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 April 8th, 2017, 01:59 AM #1 Newbie   Joined: Jul 2012 Posts: 5 Thanks: 0 How summing groups of elements? Summing groups of elements is probably one of the mathematical things that people apply the most. But I wonder how this is done mathematically in a correct way. Examples:{1 apple} “adding to” {1 apple} = {2 apples} {1 apple, 2 pears} “adding to” {2 apples, 1 banana} = {3 apples, 2 pears, 1 banana} {1 apple} “removing from” {1 apple} = {} Notes:This are all valid sets and the concept of multisets is completely irrelevant for this question. See definitions of sets and multisets. “+” and “-“ are not defined for sets => no solution “U” a union is also not useful. {1 apple} U {1 apple} = {1 apple} (and not 2 apples) So which mathematical technique is used to sum groups in a in a correct way? Thanks in advance!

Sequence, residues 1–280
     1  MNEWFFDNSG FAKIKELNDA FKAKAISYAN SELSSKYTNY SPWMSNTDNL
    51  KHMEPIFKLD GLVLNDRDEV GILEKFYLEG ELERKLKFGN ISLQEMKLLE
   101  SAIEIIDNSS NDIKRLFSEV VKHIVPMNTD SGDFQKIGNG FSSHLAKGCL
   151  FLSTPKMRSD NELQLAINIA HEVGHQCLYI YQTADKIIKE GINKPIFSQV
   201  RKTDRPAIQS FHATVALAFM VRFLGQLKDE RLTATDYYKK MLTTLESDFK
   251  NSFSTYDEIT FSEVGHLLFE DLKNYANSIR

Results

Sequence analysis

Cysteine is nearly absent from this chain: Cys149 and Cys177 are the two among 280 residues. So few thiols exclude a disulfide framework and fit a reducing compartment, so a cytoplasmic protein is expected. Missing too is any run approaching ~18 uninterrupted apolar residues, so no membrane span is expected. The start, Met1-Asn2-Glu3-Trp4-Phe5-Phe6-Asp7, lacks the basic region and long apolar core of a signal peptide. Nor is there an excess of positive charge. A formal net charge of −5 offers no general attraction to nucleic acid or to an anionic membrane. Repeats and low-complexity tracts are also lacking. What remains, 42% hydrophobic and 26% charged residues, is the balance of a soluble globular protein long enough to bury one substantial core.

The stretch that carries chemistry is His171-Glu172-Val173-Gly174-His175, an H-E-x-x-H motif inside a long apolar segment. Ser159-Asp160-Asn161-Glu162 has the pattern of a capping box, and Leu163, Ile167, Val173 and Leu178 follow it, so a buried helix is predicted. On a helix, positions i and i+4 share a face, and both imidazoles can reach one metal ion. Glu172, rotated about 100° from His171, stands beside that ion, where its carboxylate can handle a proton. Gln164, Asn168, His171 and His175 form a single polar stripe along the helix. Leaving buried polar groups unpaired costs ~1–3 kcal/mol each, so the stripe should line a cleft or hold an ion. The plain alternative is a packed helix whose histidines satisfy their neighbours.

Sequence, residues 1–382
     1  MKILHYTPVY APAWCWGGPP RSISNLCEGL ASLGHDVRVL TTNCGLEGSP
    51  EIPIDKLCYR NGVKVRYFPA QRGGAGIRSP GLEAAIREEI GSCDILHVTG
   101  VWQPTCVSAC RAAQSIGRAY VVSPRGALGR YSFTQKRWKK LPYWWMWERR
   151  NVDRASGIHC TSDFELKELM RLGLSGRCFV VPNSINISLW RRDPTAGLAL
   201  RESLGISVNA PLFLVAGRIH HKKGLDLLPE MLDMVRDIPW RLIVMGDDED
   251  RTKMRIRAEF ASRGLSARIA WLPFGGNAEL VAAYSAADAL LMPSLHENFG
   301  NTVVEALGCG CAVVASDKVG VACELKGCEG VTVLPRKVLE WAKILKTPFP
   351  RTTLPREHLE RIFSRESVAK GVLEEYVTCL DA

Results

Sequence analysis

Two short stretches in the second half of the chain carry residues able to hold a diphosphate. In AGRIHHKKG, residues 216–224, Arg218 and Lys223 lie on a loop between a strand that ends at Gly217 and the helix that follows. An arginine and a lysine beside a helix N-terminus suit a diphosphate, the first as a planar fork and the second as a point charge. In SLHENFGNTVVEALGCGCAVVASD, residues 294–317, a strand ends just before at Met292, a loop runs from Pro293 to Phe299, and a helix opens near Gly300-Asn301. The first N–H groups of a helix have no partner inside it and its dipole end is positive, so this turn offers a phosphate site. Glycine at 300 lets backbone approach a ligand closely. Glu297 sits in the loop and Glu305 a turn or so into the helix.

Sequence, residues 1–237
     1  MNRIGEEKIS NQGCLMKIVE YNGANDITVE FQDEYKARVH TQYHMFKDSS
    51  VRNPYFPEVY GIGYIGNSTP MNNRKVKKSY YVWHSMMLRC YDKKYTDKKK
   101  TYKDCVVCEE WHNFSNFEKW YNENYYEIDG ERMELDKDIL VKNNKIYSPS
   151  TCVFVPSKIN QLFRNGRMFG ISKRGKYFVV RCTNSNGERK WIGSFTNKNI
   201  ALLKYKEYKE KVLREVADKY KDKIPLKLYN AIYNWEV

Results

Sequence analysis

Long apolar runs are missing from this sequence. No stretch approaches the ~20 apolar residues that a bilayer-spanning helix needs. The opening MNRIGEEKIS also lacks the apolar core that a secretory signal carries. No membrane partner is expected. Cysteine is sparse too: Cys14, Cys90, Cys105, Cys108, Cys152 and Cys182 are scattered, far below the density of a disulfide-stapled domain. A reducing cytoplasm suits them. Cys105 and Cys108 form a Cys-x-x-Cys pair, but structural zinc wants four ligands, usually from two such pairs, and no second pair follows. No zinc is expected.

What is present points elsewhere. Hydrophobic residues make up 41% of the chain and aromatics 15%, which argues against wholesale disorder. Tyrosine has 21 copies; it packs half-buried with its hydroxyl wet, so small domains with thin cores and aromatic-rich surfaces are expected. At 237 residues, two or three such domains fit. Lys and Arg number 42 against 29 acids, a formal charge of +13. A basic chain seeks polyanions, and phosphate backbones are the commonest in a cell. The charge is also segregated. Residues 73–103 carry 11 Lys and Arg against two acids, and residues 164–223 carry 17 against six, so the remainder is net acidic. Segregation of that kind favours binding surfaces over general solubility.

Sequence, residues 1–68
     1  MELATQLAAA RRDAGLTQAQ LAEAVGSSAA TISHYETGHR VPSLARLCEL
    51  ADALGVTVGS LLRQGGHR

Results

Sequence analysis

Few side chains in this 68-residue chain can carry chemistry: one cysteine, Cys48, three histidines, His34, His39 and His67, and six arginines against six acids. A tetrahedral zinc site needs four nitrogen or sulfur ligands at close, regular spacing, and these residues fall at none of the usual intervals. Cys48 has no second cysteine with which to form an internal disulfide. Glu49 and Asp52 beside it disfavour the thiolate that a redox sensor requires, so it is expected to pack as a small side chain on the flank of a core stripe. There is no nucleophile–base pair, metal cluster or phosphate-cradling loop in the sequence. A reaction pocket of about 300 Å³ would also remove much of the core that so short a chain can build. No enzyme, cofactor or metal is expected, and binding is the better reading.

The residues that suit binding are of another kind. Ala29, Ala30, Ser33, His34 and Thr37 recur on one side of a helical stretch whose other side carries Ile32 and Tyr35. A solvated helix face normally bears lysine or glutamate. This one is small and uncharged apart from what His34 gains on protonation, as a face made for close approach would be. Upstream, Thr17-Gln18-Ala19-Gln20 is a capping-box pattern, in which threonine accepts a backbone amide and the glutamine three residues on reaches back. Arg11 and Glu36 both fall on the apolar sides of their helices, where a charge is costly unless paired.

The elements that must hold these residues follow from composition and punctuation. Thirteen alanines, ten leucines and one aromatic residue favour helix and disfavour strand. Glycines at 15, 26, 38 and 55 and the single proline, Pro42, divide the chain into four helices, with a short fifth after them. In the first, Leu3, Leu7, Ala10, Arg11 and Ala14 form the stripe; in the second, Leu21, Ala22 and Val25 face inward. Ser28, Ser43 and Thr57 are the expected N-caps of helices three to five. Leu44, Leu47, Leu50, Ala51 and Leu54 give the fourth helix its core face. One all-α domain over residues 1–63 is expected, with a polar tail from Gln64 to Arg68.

April 8th, 2017, 12:16 PM #2 Senior Member     Joined: Sep 2015 From: USA Posts: 2,009 Thanks: 1041 I would just use vector addition. Each element of the vector corresponds to the number of a unique type of fruit or whatever. You can make the elements mean whatever you like as long as they are unique descriptors. letting $v=(apples, pears, bananas)$ we have $(1,2,0)+(2,0,1) = (3,2,1)$ $(1,0,0)+(1,0,0) = (2,0,0)$ etc.
 April 9th, 2017, 11:02 PM #3 Newbie   Joined: Jul 2012 Posts: 5 Thanks: 0 Thanks! Vector addition is indeed a way (maybe the only) to do this. Although I have some doubts about the axiom about the existence of an inverse element (required for a vector space). I can imagine that some mathematicians will say that they have never seen a negative apple. Unless of course that removing an apple can be considered as inverse element.

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